Reagan, like many other kids, likes to take the things that are stored in a box out of the box, so she can get in the box. She reminds me of my kids and my grandson, Chris. All of them loved playing in boxes…after the contents have been removed…I mean, who needs the toys or books Reagan - 11 months oldimagethat were in the box anyway. Reagan is getting to that age where getting into things is what she is all about. And her funny faces still play a part in all that…like, “I’m sure I don’t know what you are talking about!! I wasn’t getting into anything!!” She has a side to her that is very easy to see. I can tell that this little girl will be just as sweet as she can be…with a big helping of mischief on the side. Today is Reagan’s first birthday. Happy birthday Reagan!! Have  an extra special day!! We love you!!

Brian PulsipherBrian, who is the 14 month old son of my cousin, Alicia and her husband, Jordan, is a curious little boy, not unlike most boys his age. I am always amazed at the things that catch the eye of little kids. Things we adults would most likely never notice, seem somehow special and interesting to them. Add to that, the fact that Brian is a boy, and you will find that the things that will interest him will be the bug, worm, or as in Brian’s case…the toad.

While taking in some fresh air and sunshine in their back yard, Brian came upon his first toad. He pointed at it and said, “Mom! This?” Either he was asking her what it was, or wanted her to look at it, and it doesn’t really matter, because it is just the Brian Pulsipher's  toadbeginning of his boyhood curiosity, and this is a question Alicia will hear over and over again. I told Alicia that her days of finding toads and other such friends in her son’s pants pocket were probably not too far off. It does make me thankful that I had daughters, although my grandsons broke me in on the various items in their pockets and in their hands. Some, I would rather not think about!!!

As I looked at the picture of the toad, my mind went back to when I was a kid. I remember hunting for toads too. And I remember having one that was in a box, but I am quite certain that I would never have picked up that toad, so maybe one of my male cousins put it in the box for me, or maybe my memory is of looking at a toad in a box that belonged to one of my male cousins. Whatever my memory The Pulsipher familyof the toad was, I do remember touching the toad…briefly. Its skin was rough and scratchy. I also remember thinking that it was odd that the toad didn’t try to get away from my touch…almost like they enjoy that touch, like a cat does.

Little Brian is just beginning his years of curiosity about the animal kingdom, and it is my guess that he will have many more memories of that type than I ever did, since I tried very hard to stay as far away from bugs and amphibians as I could. If Brian is the boy I expect that he will be, he will try to be around them much of his young life…until he discovers girls, that is.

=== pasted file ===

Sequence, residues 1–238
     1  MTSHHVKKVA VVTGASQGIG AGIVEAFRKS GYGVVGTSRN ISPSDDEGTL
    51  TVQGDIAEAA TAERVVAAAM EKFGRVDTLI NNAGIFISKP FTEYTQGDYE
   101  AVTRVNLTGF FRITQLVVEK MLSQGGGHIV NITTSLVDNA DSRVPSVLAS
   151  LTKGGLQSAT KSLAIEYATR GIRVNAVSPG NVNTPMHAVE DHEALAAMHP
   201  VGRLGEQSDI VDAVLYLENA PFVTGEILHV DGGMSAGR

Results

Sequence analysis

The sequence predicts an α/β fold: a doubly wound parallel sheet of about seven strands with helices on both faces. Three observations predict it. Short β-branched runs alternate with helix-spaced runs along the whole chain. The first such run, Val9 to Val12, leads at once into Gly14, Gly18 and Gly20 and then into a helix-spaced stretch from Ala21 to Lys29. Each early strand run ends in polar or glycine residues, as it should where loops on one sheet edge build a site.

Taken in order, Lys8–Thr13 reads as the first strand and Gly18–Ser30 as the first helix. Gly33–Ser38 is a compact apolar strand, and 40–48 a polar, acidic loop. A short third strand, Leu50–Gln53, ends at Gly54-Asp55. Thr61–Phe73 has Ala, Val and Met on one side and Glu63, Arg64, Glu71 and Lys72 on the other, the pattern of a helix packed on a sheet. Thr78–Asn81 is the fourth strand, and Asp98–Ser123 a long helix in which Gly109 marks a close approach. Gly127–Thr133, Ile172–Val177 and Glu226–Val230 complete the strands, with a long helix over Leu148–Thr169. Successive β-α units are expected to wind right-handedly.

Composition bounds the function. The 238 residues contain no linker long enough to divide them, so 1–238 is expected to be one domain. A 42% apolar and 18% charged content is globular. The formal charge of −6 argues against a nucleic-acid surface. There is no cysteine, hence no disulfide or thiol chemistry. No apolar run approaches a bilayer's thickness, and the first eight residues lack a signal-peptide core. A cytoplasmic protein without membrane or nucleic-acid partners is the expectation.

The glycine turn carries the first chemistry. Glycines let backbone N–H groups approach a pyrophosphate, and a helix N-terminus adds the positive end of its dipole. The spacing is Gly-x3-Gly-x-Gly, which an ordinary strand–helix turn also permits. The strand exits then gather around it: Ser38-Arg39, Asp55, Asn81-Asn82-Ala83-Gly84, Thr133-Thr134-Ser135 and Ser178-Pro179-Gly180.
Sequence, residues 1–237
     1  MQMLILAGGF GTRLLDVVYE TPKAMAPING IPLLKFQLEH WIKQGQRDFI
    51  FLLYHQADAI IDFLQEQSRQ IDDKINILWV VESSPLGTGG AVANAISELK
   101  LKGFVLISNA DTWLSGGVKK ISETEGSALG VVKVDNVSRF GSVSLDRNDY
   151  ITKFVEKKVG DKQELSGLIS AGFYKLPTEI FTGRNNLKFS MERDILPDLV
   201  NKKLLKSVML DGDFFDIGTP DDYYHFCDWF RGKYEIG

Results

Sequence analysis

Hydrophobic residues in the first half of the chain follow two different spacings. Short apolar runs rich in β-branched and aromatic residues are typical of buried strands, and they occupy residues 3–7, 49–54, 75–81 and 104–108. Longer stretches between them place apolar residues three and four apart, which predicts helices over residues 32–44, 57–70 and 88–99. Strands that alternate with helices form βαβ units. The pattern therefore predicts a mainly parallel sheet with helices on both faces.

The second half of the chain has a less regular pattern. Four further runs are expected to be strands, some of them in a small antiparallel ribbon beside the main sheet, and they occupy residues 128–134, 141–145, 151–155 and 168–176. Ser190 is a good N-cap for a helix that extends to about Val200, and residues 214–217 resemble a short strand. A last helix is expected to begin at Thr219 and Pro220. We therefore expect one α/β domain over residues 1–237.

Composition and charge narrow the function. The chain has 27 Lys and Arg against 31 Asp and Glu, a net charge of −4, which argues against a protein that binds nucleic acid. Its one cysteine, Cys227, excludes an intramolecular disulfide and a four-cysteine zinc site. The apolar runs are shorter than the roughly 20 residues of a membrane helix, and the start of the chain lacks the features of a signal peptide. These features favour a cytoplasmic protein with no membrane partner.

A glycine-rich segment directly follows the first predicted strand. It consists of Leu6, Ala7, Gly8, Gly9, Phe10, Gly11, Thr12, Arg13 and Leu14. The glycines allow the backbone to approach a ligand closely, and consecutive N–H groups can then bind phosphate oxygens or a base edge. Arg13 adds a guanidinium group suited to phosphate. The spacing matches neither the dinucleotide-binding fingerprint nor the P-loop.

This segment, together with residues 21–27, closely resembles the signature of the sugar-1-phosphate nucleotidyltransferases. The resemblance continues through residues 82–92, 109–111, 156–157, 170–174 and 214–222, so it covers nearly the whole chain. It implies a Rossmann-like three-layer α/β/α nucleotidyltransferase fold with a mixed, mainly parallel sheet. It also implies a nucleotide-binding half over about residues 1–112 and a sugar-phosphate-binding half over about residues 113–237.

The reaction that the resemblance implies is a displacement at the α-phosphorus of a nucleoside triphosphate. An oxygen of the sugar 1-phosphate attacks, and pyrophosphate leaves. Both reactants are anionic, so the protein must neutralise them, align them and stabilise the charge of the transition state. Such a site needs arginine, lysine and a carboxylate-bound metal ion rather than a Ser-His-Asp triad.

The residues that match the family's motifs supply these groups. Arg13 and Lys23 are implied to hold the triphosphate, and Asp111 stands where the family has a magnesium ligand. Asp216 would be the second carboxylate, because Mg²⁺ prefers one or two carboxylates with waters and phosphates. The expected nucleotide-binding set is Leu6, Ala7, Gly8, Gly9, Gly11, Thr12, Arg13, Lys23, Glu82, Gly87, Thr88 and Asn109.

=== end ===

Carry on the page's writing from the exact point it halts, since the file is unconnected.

Kids have always loved playing in boxes and most of us can attest, and some kids can really get carried away with boxes. When the box becomes more important that the item in the box, you know that your kid is one of those kids. Of course, this is something kids just do when they are little, and it doesn’t last very long, so it is something you should smile about while you still can.

Sometimes, they are so infatuated with the box that you start to wonder if you should just wrap that up instead, because they would have more fun with it. Of course, clothes are always a good option, because they can get rid of those pretty quickly and then they are left with the box. Cool, in their opinion…and maybe in yours too.

My youngest daughter, Amy was one of those kids who really loved to play in boxes and with boxes. For whatever reason, it fascinated her. She liked to put things in the boxes just to see if they would fit, or get in the boxes and play. Seriously, who needed toys. Just give Amy a box. Birthdays and Christmas were great fun for her…even if it wasn’t her birthday or her present. And nobody had to fight with her over their gift, just hand her the box.

It is kind of sad these days, at least while children are little, that most gifts come in bags, because you can’t really play with a bag in the same way. In fact, it ends up looking just like wrapping paper, which oddly, doesn’t hold much interest for the kids. I would think they would love to rip it up and make noise with it, but they just don’t.

One of the funniest times concerning a child in a box however, was the Christmas that Amy was 1 1/2. She was really into the whole playing with boxes thing, but have no idea how big a box needed to be to hold a kid. Someone had opened a gift, and given Amy the box, and after playing with it for a while, she decided to sit in it. Well, as most of you know, Amy was and is a pretty small girl, and at 1 1/2, she was about the size of a 6 month old baby. That didn’t really help matters very much, however, when she decided that she could fit in a shoe box. It was a fact that simply escaped Amy, and I’m not sure she would have cared anyway, because, what mattered is that even if she did overflow a little, she found a way to sit in that shoe box. I mean, that is what boxes are for…right!!

Little kids are so curious. They are always checking out hidden spaces or hiding places to see what might be there. What we completely disregard, holds a special place of interest for them. It’s funny that you can have a toy right beside them, and they are more interested in the box, or what is under the table next to the toy. Maybe it is about places they can fit in, or maybe it is about Peek-A-Boo.